Five major candidates for mayor discussed the state of the NYC education system under the management of Mayor Michael Bloomberg on Jan. 30 at a CSA forum moderated by Liz Willen, executive director the Hechinger Institute and Pedro Noguera, NYU professor of education. They went on to offer their own education visions in detail.
The event, held at Baruch College's Mason Hall, drew more than 600 hundred educators, students, elected officials, and community members from around the boroughs. Hot-button issues such as the teacher evaluation system, co-locations of schools, and charter schools were debated.
"Yes, I think we made progress under Mayor Bloomberg," said Christine Quinn, City Council Speaker about Bloomberg's control of schools. Her remark brought hisses from the crowd.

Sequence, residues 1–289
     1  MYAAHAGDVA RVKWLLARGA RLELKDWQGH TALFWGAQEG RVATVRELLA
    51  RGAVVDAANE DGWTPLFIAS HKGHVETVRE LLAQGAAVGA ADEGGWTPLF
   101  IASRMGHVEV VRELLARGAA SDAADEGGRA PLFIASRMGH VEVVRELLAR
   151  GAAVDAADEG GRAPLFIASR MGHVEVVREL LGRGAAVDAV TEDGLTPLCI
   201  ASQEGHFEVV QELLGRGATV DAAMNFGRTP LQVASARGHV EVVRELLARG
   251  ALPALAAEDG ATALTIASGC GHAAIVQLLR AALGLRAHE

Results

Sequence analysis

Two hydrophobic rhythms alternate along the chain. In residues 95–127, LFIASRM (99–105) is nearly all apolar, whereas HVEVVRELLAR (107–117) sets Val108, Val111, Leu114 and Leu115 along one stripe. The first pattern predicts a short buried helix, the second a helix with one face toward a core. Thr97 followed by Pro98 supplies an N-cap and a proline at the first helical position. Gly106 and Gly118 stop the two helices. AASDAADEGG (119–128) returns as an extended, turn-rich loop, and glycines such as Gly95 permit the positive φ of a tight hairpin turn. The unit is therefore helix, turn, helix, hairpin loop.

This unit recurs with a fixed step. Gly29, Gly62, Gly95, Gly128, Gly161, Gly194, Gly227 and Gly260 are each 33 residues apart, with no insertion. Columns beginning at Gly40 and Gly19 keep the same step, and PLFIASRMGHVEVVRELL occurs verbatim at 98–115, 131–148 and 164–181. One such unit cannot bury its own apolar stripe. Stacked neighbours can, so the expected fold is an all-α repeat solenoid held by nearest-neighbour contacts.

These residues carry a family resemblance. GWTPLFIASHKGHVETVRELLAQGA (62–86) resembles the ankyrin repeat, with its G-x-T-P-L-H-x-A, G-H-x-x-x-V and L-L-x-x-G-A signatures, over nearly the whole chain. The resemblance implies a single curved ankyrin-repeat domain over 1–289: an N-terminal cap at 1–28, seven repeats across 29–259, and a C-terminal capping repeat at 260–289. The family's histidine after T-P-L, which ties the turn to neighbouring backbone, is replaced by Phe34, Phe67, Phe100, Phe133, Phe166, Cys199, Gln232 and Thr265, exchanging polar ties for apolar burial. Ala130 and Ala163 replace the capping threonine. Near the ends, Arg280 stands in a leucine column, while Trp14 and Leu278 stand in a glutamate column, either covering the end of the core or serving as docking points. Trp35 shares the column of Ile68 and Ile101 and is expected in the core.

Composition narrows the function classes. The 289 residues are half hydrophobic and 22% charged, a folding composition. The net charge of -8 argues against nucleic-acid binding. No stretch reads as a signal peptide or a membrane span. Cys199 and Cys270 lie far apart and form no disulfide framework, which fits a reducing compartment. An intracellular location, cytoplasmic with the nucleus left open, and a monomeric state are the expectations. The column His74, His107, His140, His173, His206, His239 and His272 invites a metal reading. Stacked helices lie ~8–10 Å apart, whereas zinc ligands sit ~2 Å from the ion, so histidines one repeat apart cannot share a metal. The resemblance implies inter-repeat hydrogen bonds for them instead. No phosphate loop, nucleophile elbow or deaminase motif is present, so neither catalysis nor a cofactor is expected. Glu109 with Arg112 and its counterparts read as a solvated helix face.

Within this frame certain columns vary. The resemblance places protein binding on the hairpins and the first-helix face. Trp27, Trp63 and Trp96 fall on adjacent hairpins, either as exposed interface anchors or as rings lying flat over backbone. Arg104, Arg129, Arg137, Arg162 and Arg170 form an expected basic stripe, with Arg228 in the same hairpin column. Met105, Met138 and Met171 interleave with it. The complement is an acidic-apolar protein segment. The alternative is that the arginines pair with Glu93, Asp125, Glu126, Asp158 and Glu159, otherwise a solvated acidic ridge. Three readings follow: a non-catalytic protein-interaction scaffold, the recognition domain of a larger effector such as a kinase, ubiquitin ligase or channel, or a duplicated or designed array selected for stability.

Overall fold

Comptroller Bill Thompson criticized the mayor for implementing multiple re-organizations in the Department of Education, which has resulted in confusion among parents and the education community.
Public Advocate Bill de Blasio was adamant about articulating his progressive ideals. Mr. de Blasio said he would hike taxes on the wealthy to increase day care seats and provide early childhood services. Tom Allon questioned DeBalsio's plan and said raising taxes is unnecessary and would encourage the wealthy to leave NYC.
The candidates did, however, agree on one thing – the need of support systems and resources for principals so they can be effective school administrators and instructional leaders.